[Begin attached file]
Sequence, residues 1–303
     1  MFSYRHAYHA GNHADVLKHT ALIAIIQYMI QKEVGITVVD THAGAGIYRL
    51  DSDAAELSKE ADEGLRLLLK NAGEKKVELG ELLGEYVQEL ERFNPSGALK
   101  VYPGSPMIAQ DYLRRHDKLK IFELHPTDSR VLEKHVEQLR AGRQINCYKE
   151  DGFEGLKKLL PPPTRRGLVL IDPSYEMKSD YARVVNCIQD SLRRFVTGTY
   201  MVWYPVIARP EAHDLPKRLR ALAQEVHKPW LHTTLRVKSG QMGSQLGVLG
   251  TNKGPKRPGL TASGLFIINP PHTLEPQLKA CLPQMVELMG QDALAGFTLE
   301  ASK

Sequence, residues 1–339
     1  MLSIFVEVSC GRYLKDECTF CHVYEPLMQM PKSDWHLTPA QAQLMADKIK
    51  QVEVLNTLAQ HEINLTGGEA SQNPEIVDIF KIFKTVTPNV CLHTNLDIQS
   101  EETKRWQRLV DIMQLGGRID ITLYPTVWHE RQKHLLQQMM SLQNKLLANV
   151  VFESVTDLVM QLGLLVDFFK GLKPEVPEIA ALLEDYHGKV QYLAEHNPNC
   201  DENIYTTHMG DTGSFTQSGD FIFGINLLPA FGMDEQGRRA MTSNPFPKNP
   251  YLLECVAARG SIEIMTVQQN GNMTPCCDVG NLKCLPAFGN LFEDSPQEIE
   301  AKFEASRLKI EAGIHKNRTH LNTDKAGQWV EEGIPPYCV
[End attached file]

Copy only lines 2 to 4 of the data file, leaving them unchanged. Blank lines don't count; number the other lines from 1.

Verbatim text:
     1  MFSYRHAYHA GNHADVLKHT ALIAIIQYMI QKEVGITVVD THAGAGIYRL
    51  DSDAAELSKE ADEGLRLLLK NAGEKKVELG ELLGEYVQEL ERFNPSGALK
   101  VYPGSPMIAQ DYLRRHDKLK IFELHPTDSR VLEKHVEQLR AGRQINCYKE